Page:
KwaZulu-Natal construction tycoon offers to pay for Nkandla

19 October 2014 - 11:42 By Bongani Mthethwa

He is polygamous like the president and has a homestead which rivals Nkandla in size.

Now wealthy KwaZulu-Natal businessman Philani Mavundla wants to pay Jacob Zuma's debt for the controversial upgrades.

The 46-year-old was spurred into action after it turned out that Vumelani Mchunu, the man who pledged to pay Zuma's Nkandla bills, was a broke wannabe filmmaker who lived at home with his parents.

Unlike Mchunu, Mavundla is a serious player in KwaZulu-Natal's business circles and has a long-standing relationship with Zuma.

In 2008, Mavundla slaughtered 20 cattle to celebrate Zuma's ascendancy to the ANC presidency after he defeated Thabo Mbeki at Polokwane.

His construction company, PG Mavundla Engineering, has been involved in numerous major projects, including the R8-billion King Shaka International Airport and the R1-billion Sibaya Casino. It also has a R1.2-billion stake in the construction of Eskom's R8.9-billion Ingula power station.

The former ANC mayor of Greytown says he will lead efforts to raise whatever is owed by Zuma for the upgrade of his private Nkandla homestead.

When he was mayor of Greytown, Mavundla refused to accept a salary and used his personal cars for official duties.

The construction tycoon, who resigned as mayor last year before a motion of no confidence could be passed against him by the council, has challenged public protector Thuli Madonsela to reveal the amount due by Zuma for the Nkandla upgrades "so that we can pay it".

Mavundla, a polygamist with three wives and father to 18 children, said the R246-million price tag for Nkandla was ridiculously inflated - arguing that Zuma was as much a victim as were the taxpayers who footed the exorbitant bill.

"Some of us who have been in construction for a very long time can tell you that you will get three Nkandlas from that figure... considering that there was an existing [homestead] which we all know about," he said.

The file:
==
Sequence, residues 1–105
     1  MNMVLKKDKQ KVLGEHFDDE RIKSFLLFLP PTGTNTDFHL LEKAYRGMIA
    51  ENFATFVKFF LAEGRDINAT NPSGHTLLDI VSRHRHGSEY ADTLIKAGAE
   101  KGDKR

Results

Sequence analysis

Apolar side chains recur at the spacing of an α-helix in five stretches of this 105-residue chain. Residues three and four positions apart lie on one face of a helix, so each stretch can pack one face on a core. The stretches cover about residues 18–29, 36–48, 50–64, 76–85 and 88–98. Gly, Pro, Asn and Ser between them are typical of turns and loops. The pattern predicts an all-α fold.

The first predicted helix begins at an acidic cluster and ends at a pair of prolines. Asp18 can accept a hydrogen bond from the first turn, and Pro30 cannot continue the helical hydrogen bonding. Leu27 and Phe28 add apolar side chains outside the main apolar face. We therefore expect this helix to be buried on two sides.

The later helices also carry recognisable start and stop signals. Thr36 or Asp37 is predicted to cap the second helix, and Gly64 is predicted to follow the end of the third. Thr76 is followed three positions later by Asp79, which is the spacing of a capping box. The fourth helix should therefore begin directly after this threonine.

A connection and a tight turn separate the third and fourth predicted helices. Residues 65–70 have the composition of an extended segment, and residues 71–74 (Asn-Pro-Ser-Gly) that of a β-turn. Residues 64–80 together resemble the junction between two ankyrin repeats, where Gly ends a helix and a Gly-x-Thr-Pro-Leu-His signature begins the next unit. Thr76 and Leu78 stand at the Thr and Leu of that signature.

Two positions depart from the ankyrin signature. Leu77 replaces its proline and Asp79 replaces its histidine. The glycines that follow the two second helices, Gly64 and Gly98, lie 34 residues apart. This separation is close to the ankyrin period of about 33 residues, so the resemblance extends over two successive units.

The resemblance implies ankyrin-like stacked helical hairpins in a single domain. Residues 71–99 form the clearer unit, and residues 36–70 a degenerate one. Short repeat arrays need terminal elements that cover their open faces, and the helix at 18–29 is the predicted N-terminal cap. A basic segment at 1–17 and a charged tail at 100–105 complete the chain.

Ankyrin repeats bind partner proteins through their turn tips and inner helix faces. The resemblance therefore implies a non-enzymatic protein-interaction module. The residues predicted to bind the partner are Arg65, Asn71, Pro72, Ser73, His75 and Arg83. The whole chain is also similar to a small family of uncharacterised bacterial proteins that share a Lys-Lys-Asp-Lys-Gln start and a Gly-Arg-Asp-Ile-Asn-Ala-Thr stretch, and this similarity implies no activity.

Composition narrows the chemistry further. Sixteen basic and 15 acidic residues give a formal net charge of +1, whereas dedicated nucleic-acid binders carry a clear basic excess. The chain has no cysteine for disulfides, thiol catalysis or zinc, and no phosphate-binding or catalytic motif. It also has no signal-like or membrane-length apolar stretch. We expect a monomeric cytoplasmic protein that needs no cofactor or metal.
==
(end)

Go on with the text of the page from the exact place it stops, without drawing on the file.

Mavundla's property portfolio includes five commercial farms, a luxury hotel and lodge known as Propaganda, and several other businesses. He once boasted that his family owned "a fair share" of Greytown in KwaZulu-Natal.

His homestead in the area, he said, was about the same size as Nkandla but had cost "not even a fraction" of the R246-million used for the upgrade of Zuma's homestead.

Mavundla's homestead in Matimatolo covers vast tracts of land and has five standard-sized houses on it for his siblings, one for his late wife's mother and two guest houses. He also has his own three-storey house.

The main house is a modern version of a traditional Zulu home divided into three, with Mavundla's senior wife occupying the centre and the other two wives housed in separate wings of the 28-bedroom mansion.

The structure has 12 lounges, a gym and underground garages for 12 cars.

A rock pool, with a tree in the middle, stands in front of the main building with manicured lawns surrounding it.

Mavundla has another mansion near the city centre which has 14 bedrooms. Both homes have private cinema theatres.

Mavundla refused to divulge the cost of his properties, but acknowledged: "I've got the most expensive homes in the whole of Greytown."

He has admitted that there have been behind-the-scenes discussions among Zuma's backers to raise money for the president's debt.

"We've been talking about this. There has been a forum talking about this issue. We've been asking questions about this issue and convincing one another that we need to put something together," he said.

Mavundla said the group would raise the money in the same way they did with the Friends of Jacob Zuma Trust - set up by Durban businessman Don Mkhwanazi in 2005 to raise money for Zuma's defence against his fraud and corruption charges at the time. Mavundla was also involved with the trust.

Mavundla said if it turns out that Zuma has to pay 20% of the upgrade costs at his Nkandla home, "we will not question that".

"But as we gear ourselves to do that it will help us if Madonsela will help us with the figure of what the president owes so that we don't delay this process.

"We would like to pay a fair price. We will need to quantify what we are paying for," said Mavundla.

Zuma is under pressure from opposition parties to repay a portion of the R246-million used to upgrade his Nkandla home.

Madonsela found that Zuma and his family "unduly benefited" from the upgrades, which included a visitors' centre, a cattle kraal, a chicken run, a swimming pool, and an amphitheatre.

In turn, Zuma said it was up to the police minister to determine whether he should pay a portion of the cost of the upgrade and also the amount.

Mavundla said he did not know the unemployed Mchunu, but was "encouraged" by his bravery.

mthethwab@sundaytimes.co.za

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